“We have a major flaw in the ‘solution,’ because it still only deals with bullying as the ‘end result,’ but does nothing to address the root cause of bullying in the first place,” explains C. Gregory. “And, as I’ve said repeatedly, cyber bullying isn’t any ‘special’ kind of bullying, per se. … It comes from the very same place other types of bullying comes from; yet, we don’t want to address that common core.” Join Gregory’s discussion here.
“Bullying is a very serious issue, and I agree with First Lady Michelle Obama that parents or concerned adults must be involved in the lives of their children,” says Seonlady47. “Children need guidance in their early years to build their self-esteem, and then they need to be taught that it is not OK to hurt someone else because they do not look, dress, or talk a certain way. Manners and consideration for another person have gone by the wayside.”
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“We are still treating it as [if] the child being bullied is the one out of balance—the one who needs help, while the bullies just need a little reminder about their manners,” says ginarocks. “Chances are that the school bully has a parent who was a school bully and is currently a workplace bully, but who has just become more socially adept at it. How dare we, as adults, think that this is some new phenomenon of the Internet Age? Facebook, Twitter, and YouTube have just replaced the cliques, phone calls, and note-passing of previous generations. People know that the socially acceptable thing to do is to feign empathy. Until people change their views on people who are different from them, the problem will remain, no matter how the government tries to suppress it. No amount of assertiveness or self-esteem workshops for the ‘victims’ will help, either.”
“C. Gregory makes a good point about being concerned about calling cyber bullying unique—but cyber bullying expert Patricia Agatston does discuss in her book that it is easier to bully when one is behind a computer, not face to face,” writes lcallister1. “Dr. Agatston talks about how we need to build a culture of good behaviors with each other, building empathy, and skills to make it unacceptable in our schools.”
“The real issue is the breakdown of what bullying is,” writes wallace. “It is a cry for help. It is, whether big or small, a viable cry for attention. Before I even attempt pointing a finger at anyone, I must mention the fact that it takes a village … you know the rest. We are all guilty of looking the other way and pretending not to notice. We do not know how to react, act upon, or better yet, prevent. We cannot from the outside make much of a change. It goes deeper, to the heart or conscience. We need family to become a stronger force. We need each other to survive.”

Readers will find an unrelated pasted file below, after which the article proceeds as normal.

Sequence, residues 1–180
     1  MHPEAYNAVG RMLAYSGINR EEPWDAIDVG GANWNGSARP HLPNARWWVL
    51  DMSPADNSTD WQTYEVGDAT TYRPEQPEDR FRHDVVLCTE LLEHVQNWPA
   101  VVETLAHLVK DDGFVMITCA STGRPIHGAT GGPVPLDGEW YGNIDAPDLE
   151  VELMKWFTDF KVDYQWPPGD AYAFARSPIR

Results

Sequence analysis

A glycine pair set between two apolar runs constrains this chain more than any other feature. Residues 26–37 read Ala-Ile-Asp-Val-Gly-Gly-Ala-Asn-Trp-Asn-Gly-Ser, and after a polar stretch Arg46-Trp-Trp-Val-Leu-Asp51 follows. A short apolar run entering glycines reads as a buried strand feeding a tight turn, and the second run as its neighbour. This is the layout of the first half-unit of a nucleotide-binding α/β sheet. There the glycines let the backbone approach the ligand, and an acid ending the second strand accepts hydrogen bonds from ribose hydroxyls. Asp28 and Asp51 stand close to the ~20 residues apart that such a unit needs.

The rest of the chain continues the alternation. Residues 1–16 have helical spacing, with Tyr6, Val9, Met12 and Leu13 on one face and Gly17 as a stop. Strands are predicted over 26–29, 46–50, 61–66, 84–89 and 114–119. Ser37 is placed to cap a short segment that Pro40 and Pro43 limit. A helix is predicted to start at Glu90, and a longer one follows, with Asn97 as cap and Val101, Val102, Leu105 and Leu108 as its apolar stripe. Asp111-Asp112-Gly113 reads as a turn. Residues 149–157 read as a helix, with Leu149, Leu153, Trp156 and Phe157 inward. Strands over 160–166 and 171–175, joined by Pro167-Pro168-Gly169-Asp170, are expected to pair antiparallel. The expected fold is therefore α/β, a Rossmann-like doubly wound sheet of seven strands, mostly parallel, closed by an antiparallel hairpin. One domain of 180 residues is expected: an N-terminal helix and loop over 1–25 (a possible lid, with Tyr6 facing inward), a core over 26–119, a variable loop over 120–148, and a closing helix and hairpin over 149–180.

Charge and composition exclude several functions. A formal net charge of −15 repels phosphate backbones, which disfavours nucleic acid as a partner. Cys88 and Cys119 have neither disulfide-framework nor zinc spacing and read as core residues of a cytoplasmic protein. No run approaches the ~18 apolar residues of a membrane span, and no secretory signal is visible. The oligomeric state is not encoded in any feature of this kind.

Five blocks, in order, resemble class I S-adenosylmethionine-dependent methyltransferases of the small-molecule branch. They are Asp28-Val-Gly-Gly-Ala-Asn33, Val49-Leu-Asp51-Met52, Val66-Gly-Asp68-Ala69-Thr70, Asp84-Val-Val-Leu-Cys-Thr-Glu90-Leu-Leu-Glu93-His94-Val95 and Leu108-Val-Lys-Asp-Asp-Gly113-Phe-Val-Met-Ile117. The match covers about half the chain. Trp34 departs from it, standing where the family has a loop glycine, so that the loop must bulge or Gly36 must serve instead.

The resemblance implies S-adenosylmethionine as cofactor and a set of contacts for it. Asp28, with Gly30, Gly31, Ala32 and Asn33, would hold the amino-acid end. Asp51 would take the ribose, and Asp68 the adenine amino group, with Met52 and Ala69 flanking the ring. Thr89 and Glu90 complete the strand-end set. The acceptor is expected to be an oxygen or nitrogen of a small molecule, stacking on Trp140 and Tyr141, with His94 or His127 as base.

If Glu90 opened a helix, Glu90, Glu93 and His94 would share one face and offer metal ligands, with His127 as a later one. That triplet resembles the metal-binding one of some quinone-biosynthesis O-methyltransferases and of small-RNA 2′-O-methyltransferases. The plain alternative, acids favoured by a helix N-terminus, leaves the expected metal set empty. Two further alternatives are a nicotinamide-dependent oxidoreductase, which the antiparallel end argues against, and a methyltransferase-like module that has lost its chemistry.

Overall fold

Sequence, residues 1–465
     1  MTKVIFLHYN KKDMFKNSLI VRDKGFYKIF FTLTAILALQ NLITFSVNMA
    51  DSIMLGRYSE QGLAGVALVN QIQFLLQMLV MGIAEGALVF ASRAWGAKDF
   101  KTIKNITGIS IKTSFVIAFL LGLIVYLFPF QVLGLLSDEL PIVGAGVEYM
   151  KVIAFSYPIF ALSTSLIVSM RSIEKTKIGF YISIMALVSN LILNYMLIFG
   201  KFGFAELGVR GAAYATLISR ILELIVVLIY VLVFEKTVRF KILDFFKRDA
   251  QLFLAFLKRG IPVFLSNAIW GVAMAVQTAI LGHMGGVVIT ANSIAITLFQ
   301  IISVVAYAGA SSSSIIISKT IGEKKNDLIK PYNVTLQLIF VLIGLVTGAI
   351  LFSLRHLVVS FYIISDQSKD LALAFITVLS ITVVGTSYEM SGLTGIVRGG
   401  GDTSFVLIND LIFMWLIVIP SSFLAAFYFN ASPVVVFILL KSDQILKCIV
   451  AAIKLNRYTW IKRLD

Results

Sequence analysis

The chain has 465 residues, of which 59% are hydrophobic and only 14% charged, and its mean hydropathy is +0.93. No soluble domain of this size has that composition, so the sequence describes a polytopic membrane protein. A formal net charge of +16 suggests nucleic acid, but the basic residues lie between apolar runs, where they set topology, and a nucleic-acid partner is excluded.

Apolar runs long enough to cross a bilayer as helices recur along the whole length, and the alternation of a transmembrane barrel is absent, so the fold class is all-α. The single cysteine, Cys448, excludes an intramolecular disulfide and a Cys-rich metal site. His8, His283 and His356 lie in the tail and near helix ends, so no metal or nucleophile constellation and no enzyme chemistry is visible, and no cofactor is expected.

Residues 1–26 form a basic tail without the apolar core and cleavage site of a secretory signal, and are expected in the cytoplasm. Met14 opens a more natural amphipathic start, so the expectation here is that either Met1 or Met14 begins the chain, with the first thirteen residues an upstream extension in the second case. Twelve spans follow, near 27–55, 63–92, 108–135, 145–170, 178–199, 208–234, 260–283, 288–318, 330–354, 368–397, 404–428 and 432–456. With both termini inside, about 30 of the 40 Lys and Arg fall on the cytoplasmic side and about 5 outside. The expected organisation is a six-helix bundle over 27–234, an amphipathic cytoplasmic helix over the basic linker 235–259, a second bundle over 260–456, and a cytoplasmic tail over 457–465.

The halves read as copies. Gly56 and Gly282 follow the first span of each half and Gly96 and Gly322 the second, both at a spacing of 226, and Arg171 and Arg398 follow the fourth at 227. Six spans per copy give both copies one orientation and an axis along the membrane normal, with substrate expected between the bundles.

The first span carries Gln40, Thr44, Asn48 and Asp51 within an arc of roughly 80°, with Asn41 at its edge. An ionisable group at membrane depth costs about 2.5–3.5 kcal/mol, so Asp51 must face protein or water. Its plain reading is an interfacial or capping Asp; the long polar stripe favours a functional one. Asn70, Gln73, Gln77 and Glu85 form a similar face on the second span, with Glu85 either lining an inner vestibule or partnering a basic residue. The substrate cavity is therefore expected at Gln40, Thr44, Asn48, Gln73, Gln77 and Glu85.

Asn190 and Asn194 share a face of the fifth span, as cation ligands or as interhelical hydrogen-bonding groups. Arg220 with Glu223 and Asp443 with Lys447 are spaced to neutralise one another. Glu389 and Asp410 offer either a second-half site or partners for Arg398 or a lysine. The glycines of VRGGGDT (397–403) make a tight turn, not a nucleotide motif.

“The president’s candid description of the bullying he experienced can give people hope and encouragement that life achievement and dream fulfillment can still occur despite being bullied. But unfortunately, it also places an overemphasis on the actions of bullies and the response of the victims, rather than the larger solution of creating kindness, generosity, character, and respect in our schools for all students,” says reycarr. “What we need is greater emphasis on positive social skills; not just lip service as to the necessity, but curricula with experiential components, including service-based practicums where students can be peer helpers, peer leaders, peer tutors, peer mentors, and other roles to help develop the positive social skills.”
Helping to advance the conversation, many readers gave best-practice tips and advice on how to combat bullying, at least at the school level.
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